By Roger Moore, Journal Arts Reporter
Too bad Jean Reno isn't playing the monster.
Reno, the stubbly, tall and intense French action star, is making another grab at Hollywood fame in this summer's biggest movie. In Godzilla, he portrays a French secret agent, someone who is there to both apologize for the French nuclear testing that created the gigantic lizard, and to secretly help New York fight the critter.
''Thees one ees vairy beeg,'' he said, in charmingly accented English. He was talking about the monster. ''Beeeg. And vairy fun-NEE, no? She is a real character. I like her. I call her 'she,' because to me, this monster is a fe-MALE. She moves like, like, well, like me.''
Reno described Godzilla, the monster, as ''the conscience of the world. And I may be the conscience of France in the moo-vee, because I am French. I am respon-SEE-ble for zis cree-TURE. And I am who France sends to, to, well clean. Again I play a cleaner.''
Reno, who will turn 50 in July, chuckled. ''The Cleaner'' is how most Americans and international filmgoers will know him. In La Femme Nikita (1990) and The Professional (1994), Reno played a ferociously single-minded hit-man, a ''cleaner,'' someone sent in to wipe out anyone who might have knowledge of something someone else wants covered up.
''Eet's a compliment to be asked to play this sort of character,'' he said. ''They trust me. They know I can do this. Eet's up to me to change the roles I play. I tried with For Rosanna (1997), a little romantic comedy I did with Mercedes Ruehl. But the audience said, 'No no, Jean. Ees not for you.' But I will try again. I do comedies and tragedies in France. I will try them again here.''
For instance, in The Visitors and its recent sequel, he played a French knight transported in time to modern-day France. The films were huge hits, but did not work for American audiences, despite the fact that Mel Brooks was brought in to make the translation funnier. Reno will remake The Visitors with American John Hughes (Home Alone) writing and directing.
''Maybe this time, the comedy will translate,'' he said. ''Some of my movies are too French, too far from American life, to work here.''
His real name is Juan Moreno. Reno was born in Casablanca to Spanish parents, and spent his childhood in Morocco and France. He speaks Spanish, English, French and Italian. He has been in French films since the late 1970s.
His best-known movies, The Big Blue (1988), Subway (1985) and The Visitors (1993), were international hits. That is why his friend, director Luc Besson, insisted on hiring Reno when he made his American film debut, with The Professional. That performance landed him a role (as a secret agent) in Mission: Impossible. And it is what made Dean Devlin write Reno a role in Godzilla.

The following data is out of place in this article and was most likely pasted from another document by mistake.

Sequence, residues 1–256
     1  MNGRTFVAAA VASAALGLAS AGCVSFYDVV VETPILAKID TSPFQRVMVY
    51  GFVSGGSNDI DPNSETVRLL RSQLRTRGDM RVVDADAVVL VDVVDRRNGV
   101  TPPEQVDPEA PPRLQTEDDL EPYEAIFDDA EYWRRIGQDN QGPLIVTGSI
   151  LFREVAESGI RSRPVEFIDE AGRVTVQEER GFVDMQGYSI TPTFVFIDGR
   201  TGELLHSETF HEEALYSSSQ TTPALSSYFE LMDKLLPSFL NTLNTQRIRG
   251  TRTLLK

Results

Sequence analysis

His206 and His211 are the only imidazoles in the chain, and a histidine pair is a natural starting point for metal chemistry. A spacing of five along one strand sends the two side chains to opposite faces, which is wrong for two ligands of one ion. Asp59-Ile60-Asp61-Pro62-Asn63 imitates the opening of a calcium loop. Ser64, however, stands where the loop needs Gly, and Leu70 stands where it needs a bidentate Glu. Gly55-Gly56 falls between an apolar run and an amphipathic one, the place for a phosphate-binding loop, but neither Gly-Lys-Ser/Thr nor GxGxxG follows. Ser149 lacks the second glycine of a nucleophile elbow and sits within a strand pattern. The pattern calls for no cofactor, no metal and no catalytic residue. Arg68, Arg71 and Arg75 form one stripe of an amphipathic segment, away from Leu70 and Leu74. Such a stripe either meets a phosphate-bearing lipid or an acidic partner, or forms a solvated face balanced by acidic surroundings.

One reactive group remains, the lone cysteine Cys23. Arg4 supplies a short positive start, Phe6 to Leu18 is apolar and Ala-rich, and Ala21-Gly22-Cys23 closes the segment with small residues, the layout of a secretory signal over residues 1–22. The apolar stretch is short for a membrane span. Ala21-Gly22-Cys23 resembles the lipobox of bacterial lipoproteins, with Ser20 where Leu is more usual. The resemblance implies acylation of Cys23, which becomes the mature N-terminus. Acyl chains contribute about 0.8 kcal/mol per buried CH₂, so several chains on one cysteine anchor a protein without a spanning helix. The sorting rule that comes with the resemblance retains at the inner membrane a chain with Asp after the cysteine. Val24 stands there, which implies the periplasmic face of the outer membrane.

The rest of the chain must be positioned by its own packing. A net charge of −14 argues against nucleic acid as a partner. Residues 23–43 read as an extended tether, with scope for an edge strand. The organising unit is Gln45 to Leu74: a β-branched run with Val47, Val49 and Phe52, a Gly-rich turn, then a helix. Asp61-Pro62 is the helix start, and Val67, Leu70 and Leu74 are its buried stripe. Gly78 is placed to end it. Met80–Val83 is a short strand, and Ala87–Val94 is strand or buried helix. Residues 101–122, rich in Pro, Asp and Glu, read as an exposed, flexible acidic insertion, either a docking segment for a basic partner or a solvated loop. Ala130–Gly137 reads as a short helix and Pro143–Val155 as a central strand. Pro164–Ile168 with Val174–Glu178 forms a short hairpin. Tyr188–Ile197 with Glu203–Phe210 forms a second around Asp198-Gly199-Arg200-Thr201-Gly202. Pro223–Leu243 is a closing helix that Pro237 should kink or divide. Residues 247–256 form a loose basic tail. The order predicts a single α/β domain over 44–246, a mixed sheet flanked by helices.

''He's so cool, we just had to have a part for him in this,'' Devlin said.
''I thought, 'Well, they wrote eet for me,' '' Reno said. ''But thees character, I will have to explain heem to the French press. I hope they understand who this guy ees and what he ees SAY-ing about nuclear testing.' ''
Reno worries over what the French press will write. Even though he has another big American film, Ronin, with Robert DeNiro, coming out, and even though he splits his time between homes in Paris and Hollywood, he knows which side his baguette is buttered on.
''You're a star here, you're a star before the entire world. That's who Americans make their movies for. You could nev-vair do a Titanic or Godzilla in France.
''But I worry when the French say, 'Oh, you're living in Los Angeles, now. You're leaving France behind!' I say, 'No. When Yannick Noah was a great tennis player, he lived where he worked. That ees what I do.' ''
But being a Frenchman, Reno has a few gripes about life in America. Finding a good meal is tough.
''My voice coach, who is from Nebraska, helps me find places. As long as the wine is good, ees OK, no?''
And even though his character spends most of Godzilla griping about American coffee, he's not sure he agrees with that assessment.
''Eet ees much better, no? No bull! You put more cof-FEE een eet. Not so much wa-TER.''
But how does he maintain that perfect four-day growth of stubble that is his trademark?
''EEeet is E-Z. I have an electric ra-ZOR. And if you shave thees way and not THEES way, it comes out perfect. EV-er-eee time.''
Published May 21, 1998